Petition supports the role of teacher-librarians

Federation’s call for all NSW public school students to have access to qualified teacher-librarians and well-resourced school libraries has been reinforced by a new online petition to Members of Parliament in the NSW Legislative Assembly.

The petition calls on the Legislative Assembly to:

  • acknowledge the evidence and support the appointment of qualified teacher-librarians and support staff
  • ensure that NSW public schools use their allocated departmental funding to fill the specialist teacher-librarian role
  • strengthen and value teacher-librarians by ensuring they are used in the capacity for which they were employed, allowing their expertise to benefit NSW public school students.

The petition will be presented to parliament by Ballina MP Tamara Smith, and is being backed by the Students Need School Libraries national campaign.

This petition is the latest in a series of discussions around the important role of teacher-librarians that have taken place in the NSW parliament this year.

On 26 February all political parties represented in the NSW Upper House agreed to a motion calling on the NSW Government to ensure every public school student in NSW has access to a quality school library and a qualified teacher-librarian. NSW Education Minister Sarah Mitchell is a member of the Upper House that passed the motion unanimously.

In Budget Estimates in March, the Department was asked by the Upper House Education Committee if there was a set ratio for teacher-librarians to schools. Deputy Secretary Murat Dizdar responded: “Every school is provided a teacher-librarian allocation. The allocation is based on student enrolment.”

Mr Dizdar made further comments in relation to the role of teacher-librarians more recently during the COVID-19 update livestream for schools on 18 August when he said: “A big call out to our teacher-librarians who do a fantastic job across the state enriching the learning experiences for young people in continuing library activities.”

One of those teacher-librarians is Kayla Frost, member of Federation’s Teacher-Librarian Special Interest Group and teacher-librarian at Niagara Park Public School. Kayla’s school library display celebrating the Children’s Book Council of Australia annual Book Week celebrations was showcased widely by the Department on its social media channels.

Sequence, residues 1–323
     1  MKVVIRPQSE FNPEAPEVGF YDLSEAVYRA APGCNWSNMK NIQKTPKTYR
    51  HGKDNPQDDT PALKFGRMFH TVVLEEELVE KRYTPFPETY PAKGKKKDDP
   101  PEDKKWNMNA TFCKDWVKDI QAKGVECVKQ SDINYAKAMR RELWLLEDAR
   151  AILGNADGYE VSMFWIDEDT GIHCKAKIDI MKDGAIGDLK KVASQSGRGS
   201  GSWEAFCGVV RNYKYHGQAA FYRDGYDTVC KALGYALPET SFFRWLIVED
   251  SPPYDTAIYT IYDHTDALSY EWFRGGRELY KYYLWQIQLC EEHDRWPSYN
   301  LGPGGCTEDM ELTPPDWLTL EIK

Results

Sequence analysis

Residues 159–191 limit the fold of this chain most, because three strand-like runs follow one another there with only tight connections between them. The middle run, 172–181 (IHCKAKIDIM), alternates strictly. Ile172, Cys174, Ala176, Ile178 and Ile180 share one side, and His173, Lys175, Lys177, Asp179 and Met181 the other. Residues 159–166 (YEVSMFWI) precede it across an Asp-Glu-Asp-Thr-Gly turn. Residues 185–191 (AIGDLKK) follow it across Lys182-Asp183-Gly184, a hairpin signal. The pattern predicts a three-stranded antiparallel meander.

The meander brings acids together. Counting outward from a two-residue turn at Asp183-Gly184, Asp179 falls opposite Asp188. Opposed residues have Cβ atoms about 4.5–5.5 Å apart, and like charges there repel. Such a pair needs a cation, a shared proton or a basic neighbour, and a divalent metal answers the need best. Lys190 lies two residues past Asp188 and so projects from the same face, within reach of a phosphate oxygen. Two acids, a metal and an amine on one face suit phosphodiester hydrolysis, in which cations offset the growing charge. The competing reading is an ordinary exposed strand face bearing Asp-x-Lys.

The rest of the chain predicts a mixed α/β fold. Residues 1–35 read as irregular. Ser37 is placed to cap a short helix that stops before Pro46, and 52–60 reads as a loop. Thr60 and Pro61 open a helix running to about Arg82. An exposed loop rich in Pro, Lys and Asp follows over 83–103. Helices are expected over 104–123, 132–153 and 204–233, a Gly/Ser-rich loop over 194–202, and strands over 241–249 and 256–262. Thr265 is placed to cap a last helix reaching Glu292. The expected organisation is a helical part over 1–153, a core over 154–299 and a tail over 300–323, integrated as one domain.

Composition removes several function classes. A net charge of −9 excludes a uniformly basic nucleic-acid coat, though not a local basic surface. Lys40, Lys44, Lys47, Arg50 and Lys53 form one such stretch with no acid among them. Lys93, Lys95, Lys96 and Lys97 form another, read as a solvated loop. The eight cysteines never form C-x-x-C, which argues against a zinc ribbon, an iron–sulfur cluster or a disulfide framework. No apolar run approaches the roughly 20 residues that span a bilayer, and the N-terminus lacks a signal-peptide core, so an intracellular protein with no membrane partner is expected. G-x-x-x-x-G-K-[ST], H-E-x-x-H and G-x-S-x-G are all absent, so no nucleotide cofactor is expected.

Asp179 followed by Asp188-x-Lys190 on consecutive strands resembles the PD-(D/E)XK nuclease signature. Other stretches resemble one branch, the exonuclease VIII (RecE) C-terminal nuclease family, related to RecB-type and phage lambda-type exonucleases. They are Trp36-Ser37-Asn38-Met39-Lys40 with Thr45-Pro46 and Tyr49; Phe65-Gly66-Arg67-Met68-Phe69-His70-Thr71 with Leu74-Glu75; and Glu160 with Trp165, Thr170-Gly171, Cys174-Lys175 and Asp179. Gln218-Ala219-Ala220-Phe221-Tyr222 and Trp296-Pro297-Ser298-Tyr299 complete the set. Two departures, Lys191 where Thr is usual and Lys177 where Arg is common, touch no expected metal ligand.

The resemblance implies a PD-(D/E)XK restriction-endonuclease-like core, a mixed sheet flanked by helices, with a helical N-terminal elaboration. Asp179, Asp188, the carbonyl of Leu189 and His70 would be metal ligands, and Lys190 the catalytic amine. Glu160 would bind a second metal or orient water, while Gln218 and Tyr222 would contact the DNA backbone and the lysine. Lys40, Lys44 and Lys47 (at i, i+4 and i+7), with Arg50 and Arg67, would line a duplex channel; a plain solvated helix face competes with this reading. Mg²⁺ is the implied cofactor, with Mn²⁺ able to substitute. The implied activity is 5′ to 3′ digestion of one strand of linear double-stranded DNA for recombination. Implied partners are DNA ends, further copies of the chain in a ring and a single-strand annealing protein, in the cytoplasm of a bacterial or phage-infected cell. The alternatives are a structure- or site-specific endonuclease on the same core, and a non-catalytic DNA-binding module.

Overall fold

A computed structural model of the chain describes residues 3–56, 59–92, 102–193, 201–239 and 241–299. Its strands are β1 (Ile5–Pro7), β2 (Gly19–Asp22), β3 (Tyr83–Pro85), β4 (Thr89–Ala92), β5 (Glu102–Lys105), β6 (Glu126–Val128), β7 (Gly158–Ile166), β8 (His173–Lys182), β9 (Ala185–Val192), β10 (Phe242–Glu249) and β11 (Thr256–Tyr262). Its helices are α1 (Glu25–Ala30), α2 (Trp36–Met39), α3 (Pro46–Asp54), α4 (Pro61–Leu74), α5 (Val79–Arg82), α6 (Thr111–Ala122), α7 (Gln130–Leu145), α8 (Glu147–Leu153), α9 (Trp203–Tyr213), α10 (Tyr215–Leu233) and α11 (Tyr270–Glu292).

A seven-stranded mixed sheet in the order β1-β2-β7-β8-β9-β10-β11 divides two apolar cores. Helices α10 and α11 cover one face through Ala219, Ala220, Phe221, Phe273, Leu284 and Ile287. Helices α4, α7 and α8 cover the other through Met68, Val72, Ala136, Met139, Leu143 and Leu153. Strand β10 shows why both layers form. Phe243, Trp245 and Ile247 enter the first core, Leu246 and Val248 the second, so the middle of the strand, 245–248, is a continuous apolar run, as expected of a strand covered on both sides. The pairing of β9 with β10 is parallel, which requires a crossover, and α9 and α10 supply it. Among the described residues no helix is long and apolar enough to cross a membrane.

As Kayla says, a vibrant, well-managed library does so much more than provide much needed resources to staff and students. “It builds community and positivity; it gives those that feel separate a space to come and connect; it’s a safe place to relax or calm; it’s a space where imagination, creativity and fun can blossom, a place where student well-being is supported and a space that shows the high value that the school places on literature and reading.”

“In our library we bridge the gap for our students between primary and high-school, by providing them opportunities to develop independent inquiry and research skills in a scaffolded, supportive and information-rich environment.

“Spending time matching students to texts that are matched not only to their reading level and age, but also to their interests, is an invaluable part of what teacher-librarians do. Being both a qualified teacher and a librarian provides us with the skills not only to source, catalogue and manage a collection that is current and that students enjoy, it also allows us to support teachers by aligning our lessons with the outcomes and content learnt in class, and extend students’ knowledge and skills in order to support that content.”

Another Federation member and teacher-librarian who is kicking goals and getting recognised for doing so is Jade Arnold at Galston High School. Jade recently received a Secretary’s Award for Excellent Service for her work in the library. Her stunning library displays like her NAIDOC Week display light up Instagram and draw student and staff’s attention to the library, but more than that, Jade says: As a teacher-librarian it’s important that a library’s collection reflects the diverse society it serves, and NAIDOC Week was a fantastic opportunity for us to showcase our vast range of fiction and non-fiction resources with Aboriginal and Torres Strait Islander content. Diverse fiction helps break down negative stereotypes and develops empathy in readers.”

It is tempting to describe the situation the students at Galston High School and Niagara Park PS as lucky. Local Schools, Local Decisions literally means that there is inconsistency across the system.

But it shouldn’t be that way. Public education is about equity in opportunity and access for all. No students should miss out.

As previously reported, Federation’s survey of teacher-librarians earlier this year showed clearly that a widespread campaign is necessary to inform and educate all Federation members on the value of the specialist teacher-librarian role and a thriving library in every school, as well as the Department’s policies in relation to both.

It also demonstrates the importance of members actively supporting and advocating for Federation’s staffing campaign to preserve these specialist teaching positions in every school.